I was actually over on the Sawtooth side, but most people recognize the Rye Patch. I consider myself a fairly rugged guy, but N NV in July is no place to be without some decent shelter from the afternoon sun and heat. A 10 X 10 Walmart quick shade seems to provide shade, but focus the radiant heat somehow making it hotter under the shade, if that makes sense. The afternoon breezes are hot and dry leaving my only thoughts to cold drinks. Cold beer was my last choice, Gatorade and water were the only solutions. I endured 2 days and found 1 tiny nugget with the Nox 800.
I rode my Rokon and explored way up an old "ghost road" on the afternoon of the first day. With field glasses I saw a couple canyons that had exposed bedrock and I aimed to hike them the next morning while it was cool. N NV climate is a funny thing, I woke up to 61 degrees, but temps would climb to 90 by 11AM. As I was gathering my gear, I had one of those nagging premonitions. I suspect we have them all the time, but only remember the ones that come true. Nevertheless, I packed extra water and my Garmin Satellite Communication device. I was merrily riding up the ghost road enjoying the refreshing morning air when, bang. I felt the Rokon torque converter explode into the protective fiberglass shield. Fortunately, I was only half way to my destination. I carry tools and some spare parts, but no amount of duct tape was going to fix this problem. I pulled all the unnecessary stuff out of my pack and started walking back to my truck. It was all downhill, with a decent breeze so I made good time before the unbearable heat set in. I packed my truck and strapped down all my gear for some tricky 4 wheeling to get back up there to the Rokon. Turns out to be 4.7 rugged miles. I loaded the Rokon and decided to head for home in sunny Yuma where it was only 116 degrees.
It could have been worse however; the Garmin device, in addition to the emergency SOS, has a feature where you can send free preselected messages to your family and friends. At the end of the message the device stamps your GPS coordinates so they know where you are. Since I do so much prospecting alone, I make this compromise so people worry less about me. For $30.00 a month service fee, it's cheap insurance and my family worry less. So, every night I send a preselected message of "Alive and Well" and they can plot my last location if something happens to me. Staying home where it's safe is not an option in my world.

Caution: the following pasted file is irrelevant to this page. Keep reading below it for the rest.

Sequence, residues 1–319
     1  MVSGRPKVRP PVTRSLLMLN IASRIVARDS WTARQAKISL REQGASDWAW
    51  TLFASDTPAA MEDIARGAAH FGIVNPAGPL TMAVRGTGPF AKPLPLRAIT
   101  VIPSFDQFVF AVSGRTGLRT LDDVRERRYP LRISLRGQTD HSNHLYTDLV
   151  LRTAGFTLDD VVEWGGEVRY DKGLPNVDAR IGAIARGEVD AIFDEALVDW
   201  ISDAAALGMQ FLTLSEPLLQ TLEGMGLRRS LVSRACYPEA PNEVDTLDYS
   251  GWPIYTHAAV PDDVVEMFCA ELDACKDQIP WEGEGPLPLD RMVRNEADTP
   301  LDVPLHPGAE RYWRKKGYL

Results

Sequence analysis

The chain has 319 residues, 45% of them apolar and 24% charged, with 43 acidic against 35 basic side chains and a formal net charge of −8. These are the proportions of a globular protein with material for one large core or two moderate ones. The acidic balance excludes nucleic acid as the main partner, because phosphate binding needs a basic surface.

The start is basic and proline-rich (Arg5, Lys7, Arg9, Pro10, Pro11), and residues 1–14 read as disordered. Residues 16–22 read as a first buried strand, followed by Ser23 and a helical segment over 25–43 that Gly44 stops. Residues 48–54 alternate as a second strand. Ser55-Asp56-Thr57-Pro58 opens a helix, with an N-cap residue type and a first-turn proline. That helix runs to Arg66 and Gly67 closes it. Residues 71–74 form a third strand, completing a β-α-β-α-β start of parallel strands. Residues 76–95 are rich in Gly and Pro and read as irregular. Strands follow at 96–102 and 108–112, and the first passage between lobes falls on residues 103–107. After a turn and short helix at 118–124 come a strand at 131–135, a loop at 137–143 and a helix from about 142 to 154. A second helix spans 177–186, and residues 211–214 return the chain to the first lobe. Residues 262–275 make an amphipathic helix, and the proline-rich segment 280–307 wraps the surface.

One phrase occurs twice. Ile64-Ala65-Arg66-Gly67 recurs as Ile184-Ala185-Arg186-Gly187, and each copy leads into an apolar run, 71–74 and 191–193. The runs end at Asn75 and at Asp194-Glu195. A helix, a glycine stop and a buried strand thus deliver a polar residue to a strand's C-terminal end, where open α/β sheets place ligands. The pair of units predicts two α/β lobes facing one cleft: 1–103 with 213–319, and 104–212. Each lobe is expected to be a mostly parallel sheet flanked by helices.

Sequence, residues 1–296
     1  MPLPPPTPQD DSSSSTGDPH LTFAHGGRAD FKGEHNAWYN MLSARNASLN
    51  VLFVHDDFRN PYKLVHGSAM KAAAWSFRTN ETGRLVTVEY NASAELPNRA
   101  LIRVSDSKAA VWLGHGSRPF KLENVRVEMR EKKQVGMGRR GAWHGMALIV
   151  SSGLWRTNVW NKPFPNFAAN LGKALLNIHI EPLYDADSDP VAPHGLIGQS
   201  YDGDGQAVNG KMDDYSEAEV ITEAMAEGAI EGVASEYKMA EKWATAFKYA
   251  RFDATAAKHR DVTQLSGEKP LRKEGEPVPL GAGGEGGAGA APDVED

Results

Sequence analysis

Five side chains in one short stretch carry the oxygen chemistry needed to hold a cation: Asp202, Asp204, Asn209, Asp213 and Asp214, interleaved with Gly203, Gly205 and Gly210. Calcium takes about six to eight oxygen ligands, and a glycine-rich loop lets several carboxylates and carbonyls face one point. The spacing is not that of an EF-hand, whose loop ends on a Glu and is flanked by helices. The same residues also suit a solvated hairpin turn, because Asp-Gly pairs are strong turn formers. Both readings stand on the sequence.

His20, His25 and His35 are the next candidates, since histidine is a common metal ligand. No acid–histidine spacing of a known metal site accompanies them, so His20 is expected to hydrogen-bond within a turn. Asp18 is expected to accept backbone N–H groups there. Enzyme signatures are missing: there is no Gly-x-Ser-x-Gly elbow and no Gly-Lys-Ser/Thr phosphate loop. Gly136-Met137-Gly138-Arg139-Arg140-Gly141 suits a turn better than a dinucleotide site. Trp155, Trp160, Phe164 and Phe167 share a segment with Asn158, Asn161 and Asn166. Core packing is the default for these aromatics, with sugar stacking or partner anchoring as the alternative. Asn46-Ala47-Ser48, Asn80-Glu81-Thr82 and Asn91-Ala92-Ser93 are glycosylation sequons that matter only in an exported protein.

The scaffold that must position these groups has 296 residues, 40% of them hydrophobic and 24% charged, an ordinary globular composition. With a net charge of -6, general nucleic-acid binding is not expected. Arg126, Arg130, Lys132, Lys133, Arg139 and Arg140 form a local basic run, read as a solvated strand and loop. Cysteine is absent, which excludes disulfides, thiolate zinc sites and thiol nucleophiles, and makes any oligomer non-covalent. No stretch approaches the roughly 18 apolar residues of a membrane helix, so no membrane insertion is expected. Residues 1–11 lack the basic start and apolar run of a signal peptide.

I spent several weeks in early July, panning and sluicing on the N. Fork of the American River. I've been going to the same 10 mile section of the river for over 20 yrs. That part of the river is designated Wild & Scenic, so no motorized equipment and no claims. It's one of the few places in CA gold country you can access a free flowing river without stepping on someone's gold claim. Access is not easy, although there a a number of trails up and down the river. They're all rugged, often steep and always overgrown with poison oak. I have often encountered "locals" who at various times attempt to eke out an existence by panning and sluicing the river. Generally friendly and sometimes willing to share local knowledge of the gold. When I meet them I make a point to brew up a big pot of spaghetti and feed all comers. Many years ago, I met a guy my age driving a new Jeep Cherokee. He was socially awkward, but I learned he was a software engineer from the Silicon Valley and had taken up gold prospecting on weekends. He was not very successful, so my 6 yr old son and I invited him to come dig in a hole we had started. He sluiced a few buckets and declared that was more gold than he had ever found. Skip ahead 10 years, I found him living in a tent on the banks of the river having spent 2 years pursuing the golden dream. He was eking out an existence and seemed to be perfectly happy. Imagine a 6 mile hike uphill, just to reach a paved road, hope for a ride to town to get supplies then repeat the process back down. Supplies are limited to what you can afford and carry on your back. The local mining supply store pays 80 percent of spot, for good clean gold. This guy still had the math and engineering brain so he could tell me exactly how much he was earning per hr, although he did not factor that it was in fact a 24 hr a day job, living on the river.